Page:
TG: In what ways does the IBD PCMH change the payor/provider relationship, compared with traditional health care models?
Miguel Regueiro, MD: Unlike traditional health care models, the IBD PCMH has partnered directly with the Payor (UPMC Health Plan) to manage a population of patients. The provider (me) meets with the Health Plan (Payor) regularly to review utilization and quality data. I am fortunate to have a Payor who strives to improve the quality of a patient’s experience first and foremost. Unlike traditional health care models where the payor and provider did not know each other, did not work with each other, and sometimes would have an adversarial approach to each other, we work together as a team to help our patients. It’s a unique and refreshing approach to patient care and the data and information that the health plan has provided the providers has been important in improving patient care.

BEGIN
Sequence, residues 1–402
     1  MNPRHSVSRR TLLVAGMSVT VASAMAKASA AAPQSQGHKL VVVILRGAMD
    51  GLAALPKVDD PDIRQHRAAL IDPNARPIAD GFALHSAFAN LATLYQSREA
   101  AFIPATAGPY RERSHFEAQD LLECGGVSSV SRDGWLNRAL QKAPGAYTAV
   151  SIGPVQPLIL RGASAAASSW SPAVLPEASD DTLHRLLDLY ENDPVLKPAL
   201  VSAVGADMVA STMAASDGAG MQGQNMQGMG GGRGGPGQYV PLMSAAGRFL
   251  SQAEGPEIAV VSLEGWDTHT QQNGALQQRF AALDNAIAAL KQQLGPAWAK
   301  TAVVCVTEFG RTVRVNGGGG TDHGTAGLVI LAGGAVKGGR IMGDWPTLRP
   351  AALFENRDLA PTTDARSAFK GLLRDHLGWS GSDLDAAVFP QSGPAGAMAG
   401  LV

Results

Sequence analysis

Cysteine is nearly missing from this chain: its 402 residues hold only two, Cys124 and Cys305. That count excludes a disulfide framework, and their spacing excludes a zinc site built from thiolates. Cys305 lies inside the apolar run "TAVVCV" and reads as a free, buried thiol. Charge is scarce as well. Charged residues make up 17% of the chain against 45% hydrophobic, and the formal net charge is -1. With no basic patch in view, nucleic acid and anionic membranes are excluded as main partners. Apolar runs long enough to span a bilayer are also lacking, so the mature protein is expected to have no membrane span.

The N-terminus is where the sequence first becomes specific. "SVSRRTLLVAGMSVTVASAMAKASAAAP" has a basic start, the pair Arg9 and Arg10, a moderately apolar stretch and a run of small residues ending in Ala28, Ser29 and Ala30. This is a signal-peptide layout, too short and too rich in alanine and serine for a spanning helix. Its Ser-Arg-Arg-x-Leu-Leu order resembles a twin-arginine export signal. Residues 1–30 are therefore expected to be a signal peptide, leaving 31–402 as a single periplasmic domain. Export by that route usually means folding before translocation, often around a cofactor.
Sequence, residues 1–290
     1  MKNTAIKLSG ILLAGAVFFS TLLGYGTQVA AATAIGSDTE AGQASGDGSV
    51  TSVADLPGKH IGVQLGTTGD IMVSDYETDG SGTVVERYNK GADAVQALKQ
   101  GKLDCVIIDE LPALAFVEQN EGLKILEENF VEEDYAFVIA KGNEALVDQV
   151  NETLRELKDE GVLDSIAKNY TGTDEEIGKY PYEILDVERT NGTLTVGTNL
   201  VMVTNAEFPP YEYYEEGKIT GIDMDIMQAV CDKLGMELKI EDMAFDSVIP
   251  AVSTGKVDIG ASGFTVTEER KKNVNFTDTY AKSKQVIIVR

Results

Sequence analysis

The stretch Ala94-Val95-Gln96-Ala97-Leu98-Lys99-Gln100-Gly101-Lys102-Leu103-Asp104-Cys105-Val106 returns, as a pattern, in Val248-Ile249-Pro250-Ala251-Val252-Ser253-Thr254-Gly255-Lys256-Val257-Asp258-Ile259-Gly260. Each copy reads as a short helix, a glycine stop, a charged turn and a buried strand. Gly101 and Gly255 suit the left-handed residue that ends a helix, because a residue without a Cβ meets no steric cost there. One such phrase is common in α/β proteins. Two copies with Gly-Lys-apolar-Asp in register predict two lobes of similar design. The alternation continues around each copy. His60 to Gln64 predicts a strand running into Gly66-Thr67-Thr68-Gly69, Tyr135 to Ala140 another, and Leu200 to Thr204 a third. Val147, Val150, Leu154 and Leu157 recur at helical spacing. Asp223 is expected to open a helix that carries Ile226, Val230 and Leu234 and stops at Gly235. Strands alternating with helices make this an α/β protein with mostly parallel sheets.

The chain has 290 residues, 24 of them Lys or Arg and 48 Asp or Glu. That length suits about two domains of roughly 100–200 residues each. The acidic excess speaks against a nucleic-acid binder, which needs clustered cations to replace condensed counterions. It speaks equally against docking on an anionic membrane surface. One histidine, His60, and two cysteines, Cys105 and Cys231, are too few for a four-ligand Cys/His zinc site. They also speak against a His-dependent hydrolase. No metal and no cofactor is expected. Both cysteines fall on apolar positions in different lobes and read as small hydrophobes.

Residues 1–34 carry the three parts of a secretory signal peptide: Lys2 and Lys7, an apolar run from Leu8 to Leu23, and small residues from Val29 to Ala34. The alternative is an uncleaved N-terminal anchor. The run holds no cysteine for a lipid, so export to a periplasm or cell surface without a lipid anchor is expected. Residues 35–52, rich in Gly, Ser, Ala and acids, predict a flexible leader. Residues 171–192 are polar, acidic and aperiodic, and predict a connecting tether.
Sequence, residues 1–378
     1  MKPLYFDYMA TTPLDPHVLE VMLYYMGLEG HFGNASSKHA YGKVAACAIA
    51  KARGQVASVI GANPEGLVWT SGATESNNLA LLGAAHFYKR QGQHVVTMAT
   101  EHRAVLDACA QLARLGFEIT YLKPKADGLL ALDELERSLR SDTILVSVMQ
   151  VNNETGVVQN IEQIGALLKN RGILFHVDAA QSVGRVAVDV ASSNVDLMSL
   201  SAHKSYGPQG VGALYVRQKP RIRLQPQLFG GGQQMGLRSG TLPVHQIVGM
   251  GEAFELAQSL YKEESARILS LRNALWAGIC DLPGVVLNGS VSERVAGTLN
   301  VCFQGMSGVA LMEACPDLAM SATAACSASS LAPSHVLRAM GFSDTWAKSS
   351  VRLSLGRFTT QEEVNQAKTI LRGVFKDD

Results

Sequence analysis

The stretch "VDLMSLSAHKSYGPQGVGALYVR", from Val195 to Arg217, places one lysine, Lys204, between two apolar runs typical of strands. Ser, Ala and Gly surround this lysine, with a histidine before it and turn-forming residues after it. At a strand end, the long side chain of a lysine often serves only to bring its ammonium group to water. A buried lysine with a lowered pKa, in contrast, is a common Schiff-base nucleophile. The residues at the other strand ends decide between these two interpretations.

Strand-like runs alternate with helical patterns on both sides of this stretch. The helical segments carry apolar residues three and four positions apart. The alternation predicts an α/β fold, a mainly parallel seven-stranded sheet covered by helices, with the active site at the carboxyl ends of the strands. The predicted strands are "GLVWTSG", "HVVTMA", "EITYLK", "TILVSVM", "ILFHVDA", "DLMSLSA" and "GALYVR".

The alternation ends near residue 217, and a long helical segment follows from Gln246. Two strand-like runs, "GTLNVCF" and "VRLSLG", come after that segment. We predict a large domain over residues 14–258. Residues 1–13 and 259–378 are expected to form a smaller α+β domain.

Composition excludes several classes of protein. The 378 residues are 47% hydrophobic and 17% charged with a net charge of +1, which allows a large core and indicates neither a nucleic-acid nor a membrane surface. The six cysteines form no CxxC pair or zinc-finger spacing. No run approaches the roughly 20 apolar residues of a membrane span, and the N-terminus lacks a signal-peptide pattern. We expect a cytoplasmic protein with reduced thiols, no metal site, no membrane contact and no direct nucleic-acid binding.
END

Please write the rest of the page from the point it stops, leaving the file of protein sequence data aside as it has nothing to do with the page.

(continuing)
TG: In addition to reducing ER visits and hospitalizations for IBD patients, would this model also help to reduce redundancies in services, such as lab reports, tests, etc.?
Miguel Regueiro, MD: Definitely, yes. One key aspect is for us to reduce variation of care between providers as well as decrease utilization of diagnostic testing. This is done by following care pathways but also having our medical home team practice ‘smart medicine.’ Meaning, it’s common for us to ask each other, ‘do you really need that test, will it change management?’ Also, by getting all patient records in advance we can quickly determine the recent testing and avoid duplication of unnecessary tests.
TG: Do you see this model being utilized for IBD patients, on a larger scale, in the future?
Miguel Regueiro, MD: Yes, I think this will expand to more patients in our own center, but will be a model for many patients with IBD across the country.